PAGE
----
Changes sought at Bemidji's Second Street intersection
Craig Gray, city engineer, reported that it took him 7.5 minutes to travel the detour route along Irvine Avenue during Thursday morning rush hour. "I did not think that was bad at all," Gray said. He was among about 20 people who attended a meeti...
Craig Gray, city engineer, reported that it took him 7.5 minutes to travel the detour route along Irvine Avenue during Thursday morning rush hour.
"I did not think that was bad at all," Gray said.
He was among about 20 people who attended a meeting Thursday morning about the ongoing roadwork for Bemidji Avenue at Bemidji City Hall. Much of the discussion focused on the detour along Irvine Avenue and the stop light at Second Street and Bemidji Avenue.
Beltrami County Sheriff Phil Hodapp asked if there was any way to create a second left-turn lane or disable the red light to allow for better traffic flow at the intersection.
Kari Howe, owner of Dunn Bros. Coffee, said she was sitting at the red light on Bemidji Avenue waiting to turn left onto Second Street and drivers behind her began honking, urging her to drive through the red light.
"People aren't heeding that anyway," she said.
Todd Vonasek, resident engineer with MnDOT, said it was disheartening to hear that drivers are not following the traffic laws.
Bemidji Police Chief Gerald Johnson affirmed in an interview Thursday afternoon that the Minnesota State Patrol and Bemidji Police Department are enforcing traffic laws along the detour route, including at the Second Street intersection.
"Any time you violate the laws of a traffic signal, you run the chance of being charged," Johnson said.
Vonasek reminded attendees that the detour will be moved to Fifth Street once the first portion of the roadwork is done in mid-June. He said it would not be beneficial to change the current traffic control at Second Street because new traffic patterns would not be duplicated at Fifth Street.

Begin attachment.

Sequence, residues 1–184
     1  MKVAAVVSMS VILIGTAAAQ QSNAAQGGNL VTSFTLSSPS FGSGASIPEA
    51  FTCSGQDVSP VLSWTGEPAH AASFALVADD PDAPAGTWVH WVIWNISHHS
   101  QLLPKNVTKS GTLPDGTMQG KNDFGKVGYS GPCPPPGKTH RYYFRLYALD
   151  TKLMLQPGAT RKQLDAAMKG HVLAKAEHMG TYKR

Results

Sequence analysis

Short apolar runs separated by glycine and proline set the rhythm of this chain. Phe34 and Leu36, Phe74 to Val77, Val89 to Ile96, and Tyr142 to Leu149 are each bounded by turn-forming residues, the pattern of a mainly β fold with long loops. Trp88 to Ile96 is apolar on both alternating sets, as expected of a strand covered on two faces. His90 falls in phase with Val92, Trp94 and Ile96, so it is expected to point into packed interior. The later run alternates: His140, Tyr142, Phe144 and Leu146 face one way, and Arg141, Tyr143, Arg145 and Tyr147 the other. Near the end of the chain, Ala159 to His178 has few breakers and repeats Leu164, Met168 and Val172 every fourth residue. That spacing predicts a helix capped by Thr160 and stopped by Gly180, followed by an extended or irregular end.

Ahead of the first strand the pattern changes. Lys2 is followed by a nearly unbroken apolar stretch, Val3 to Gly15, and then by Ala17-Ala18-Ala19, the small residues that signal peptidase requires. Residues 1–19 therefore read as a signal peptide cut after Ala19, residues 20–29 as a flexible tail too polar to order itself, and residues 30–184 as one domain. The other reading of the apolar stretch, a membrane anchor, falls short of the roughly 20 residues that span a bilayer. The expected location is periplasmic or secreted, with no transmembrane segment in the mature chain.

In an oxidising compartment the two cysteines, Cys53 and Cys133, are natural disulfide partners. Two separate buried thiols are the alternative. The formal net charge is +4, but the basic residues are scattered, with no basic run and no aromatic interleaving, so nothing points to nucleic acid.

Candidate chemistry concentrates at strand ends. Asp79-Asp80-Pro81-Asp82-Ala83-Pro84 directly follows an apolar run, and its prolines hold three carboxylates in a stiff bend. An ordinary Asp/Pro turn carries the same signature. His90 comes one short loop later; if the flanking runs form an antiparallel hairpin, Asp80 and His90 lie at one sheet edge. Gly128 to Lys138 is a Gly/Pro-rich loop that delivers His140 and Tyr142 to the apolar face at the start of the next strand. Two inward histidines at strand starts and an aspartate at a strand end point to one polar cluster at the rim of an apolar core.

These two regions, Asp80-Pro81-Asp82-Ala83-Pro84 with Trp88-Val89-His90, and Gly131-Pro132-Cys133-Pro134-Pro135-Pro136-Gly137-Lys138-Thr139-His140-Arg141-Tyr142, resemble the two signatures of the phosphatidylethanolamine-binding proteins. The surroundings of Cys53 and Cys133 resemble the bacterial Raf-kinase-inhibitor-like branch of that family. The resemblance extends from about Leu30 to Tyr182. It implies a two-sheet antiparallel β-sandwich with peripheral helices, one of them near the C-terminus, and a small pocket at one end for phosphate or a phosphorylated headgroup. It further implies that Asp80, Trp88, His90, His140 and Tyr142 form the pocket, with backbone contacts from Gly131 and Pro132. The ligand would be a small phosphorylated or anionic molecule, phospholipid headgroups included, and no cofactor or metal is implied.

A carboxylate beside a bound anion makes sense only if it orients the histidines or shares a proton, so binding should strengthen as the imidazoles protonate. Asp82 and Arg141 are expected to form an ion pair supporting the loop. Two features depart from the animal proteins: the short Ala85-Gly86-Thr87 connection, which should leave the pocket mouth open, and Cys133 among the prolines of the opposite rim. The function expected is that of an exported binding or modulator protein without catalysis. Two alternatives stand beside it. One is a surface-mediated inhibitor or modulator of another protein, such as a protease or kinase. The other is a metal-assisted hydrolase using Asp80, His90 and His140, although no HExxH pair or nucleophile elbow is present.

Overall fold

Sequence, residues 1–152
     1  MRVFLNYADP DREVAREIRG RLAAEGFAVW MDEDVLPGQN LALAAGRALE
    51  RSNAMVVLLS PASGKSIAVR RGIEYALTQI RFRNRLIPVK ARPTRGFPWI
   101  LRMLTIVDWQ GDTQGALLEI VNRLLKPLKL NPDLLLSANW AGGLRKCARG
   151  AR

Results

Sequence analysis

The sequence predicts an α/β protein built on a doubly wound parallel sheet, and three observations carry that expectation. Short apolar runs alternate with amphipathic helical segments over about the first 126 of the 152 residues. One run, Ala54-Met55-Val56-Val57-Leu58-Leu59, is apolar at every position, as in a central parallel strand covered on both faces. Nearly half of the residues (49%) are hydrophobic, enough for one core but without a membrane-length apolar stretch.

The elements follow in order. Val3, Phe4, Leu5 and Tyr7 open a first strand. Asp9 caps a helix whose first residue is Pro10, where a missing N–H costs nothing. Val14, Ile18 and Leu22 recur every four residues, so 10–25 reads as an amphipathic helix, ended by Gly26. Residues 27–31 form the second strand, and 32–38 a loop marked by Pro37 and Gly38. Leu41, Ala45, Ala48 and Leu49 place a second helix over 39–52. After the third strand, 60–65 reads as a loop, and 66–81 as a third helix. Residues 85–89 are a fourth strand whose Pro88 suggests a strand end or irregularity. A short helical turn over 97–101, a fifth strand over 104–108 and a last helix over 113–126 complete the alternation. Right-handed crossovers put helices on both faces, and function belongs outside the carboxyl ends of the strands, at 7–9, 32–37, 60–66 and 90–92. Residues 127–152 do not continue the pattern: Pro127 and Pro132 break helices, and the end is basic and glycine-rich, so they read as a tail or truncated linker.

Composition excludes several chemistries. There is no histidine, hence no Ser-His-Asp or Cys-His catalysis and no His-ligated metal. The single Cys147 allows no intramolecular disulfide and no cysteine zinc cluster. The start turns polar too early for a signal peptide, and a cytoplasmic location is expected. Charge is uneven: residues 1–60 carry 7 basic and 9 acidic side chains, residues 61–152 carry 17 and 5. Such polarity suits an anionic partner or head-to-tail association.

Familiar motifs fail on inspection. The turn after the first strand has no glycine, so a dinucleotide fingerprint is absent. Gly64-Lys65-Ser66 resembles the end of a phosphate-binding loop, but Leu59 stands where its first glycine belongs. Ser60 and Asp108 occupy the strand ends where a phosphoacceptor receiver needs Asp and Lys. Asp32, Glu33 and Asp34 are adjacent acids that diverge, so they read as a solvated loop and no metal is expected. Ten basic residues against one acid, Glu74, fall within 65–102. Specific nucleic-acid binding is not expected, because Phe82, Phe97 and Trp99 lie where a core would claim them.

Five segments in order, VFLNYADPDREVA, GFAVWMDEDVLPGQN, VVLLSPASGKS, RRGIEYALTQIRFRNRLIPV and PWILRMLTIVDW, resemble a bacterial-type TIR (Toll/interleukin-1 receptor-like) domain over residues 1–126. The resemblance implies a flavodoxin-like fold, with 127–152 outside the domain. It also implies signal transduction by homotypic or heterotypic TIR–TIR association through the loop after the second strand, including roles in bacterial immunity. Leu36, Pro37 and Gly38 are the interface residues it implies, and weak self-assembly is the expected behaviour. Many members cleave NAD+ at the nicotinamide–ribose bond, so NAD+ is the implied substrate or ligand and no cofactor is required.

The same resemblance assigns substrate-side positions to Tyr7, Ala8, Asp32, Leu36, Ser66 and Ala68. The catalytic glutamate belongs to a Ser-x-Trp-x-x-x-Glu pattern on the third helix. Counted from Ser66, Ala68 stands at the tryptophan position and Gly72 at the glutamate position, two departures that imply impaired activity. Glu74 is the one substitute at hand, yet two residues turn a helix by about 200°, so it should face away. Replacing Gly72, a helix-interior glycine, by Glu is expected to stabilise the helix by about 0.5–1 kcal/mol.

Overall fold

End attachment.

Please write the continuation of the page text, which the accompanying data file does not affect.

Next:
MnDOT is trying to train everyone so they know what to expect, he said.
When the detour was first put in place Monday morning, it wasn't long before MnDOT closed the left-turn lane from Bemidji Avenue to Pamida due to traffic cutting through the parking lot, Vonasek said. On Thursday, that lane was reopened at the owner's request.
Johnson reiterated on Thursday that the parking lot is private property and traffic should not be cutting through to access the detour route.
Vonasek said that MnDOT's goal was to keep traffic moving; slowly, perhaps, but moving nonetheless.
Howe said her business has seen a loss in customers due to drivers taking the U.S. Highway 2 bypass or finding alternate routes through downtown to avoid the detour.
"Our customers have just dropped," she said.
The Second Street stop light is set up so traffic leaving the waterfront parking lot triggers it to change, MnDOT officials explained. However, the light also will turn to red for Bemidji Avenue traffic once it has remained green for the maximum time allowed.
Vonasek said retraining drivers would be disastrous.
"It's a monumental task to do it and it has a monumental impact," he said.
Lori Paris, the executive director of the Bemidji Area Chamber of Commerce, said there were multiple aspects to consider, including the impact on local businesses.
Gray suggested that perhaps a sign could be erected to tell drivers it is only a seven-minute drive to downtown along the detour route. He also asked if the length of the red light for Bemidji Avenue could be shortened; even if traffic is leaving the waterfront, he said it probably doesn't need to stay red for 30 seconds.
Howe said she was worried that people will get used to their new route and not revert to driving downtown even when the roadwork is complete.
"Please shop your local businesses," she said.
Paris suggested to Howe that perhaps the Chamber could develop an advertising campaign to promote the downtown businesses.